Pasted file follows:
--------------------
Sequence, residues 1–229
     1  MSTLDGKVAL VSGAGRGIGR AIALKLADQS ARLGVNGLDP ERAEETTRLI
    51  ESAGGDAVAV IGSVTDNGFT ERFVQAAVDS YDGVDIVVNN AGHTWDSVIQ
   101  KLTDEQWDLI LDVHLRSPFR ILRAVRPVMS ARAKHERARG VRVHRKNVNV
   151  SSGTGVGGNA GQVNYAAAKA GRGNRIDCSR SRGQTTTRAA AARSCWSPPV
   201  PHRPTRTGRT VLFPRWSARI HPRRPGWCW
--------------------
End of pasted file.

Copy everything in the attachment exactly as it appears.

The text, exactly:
Sequence, residues 1–229
     1  MSTLDGKVAL VSGAGRGIGR AIALKLADQS ARLGVNGLDP ERAEETTRLI
    51  ESAGGDAVAV IGSVTDNGFT ERFVQAAVDS YDGVDIVVNN AGHTWDSVIQ
   101  KLTDEQWDLI LDVHLRSPFR ILRAVRPVMS ARAKHERARG VRVHRKNVNV
   151  SSGTGVGGNA GQVNYAAAKA GRGNRIDCSR SRGQTTTRAA AARSCWSPPV
   201  PHRPTRTGRT VLFPRWSARI HPRRPGWCW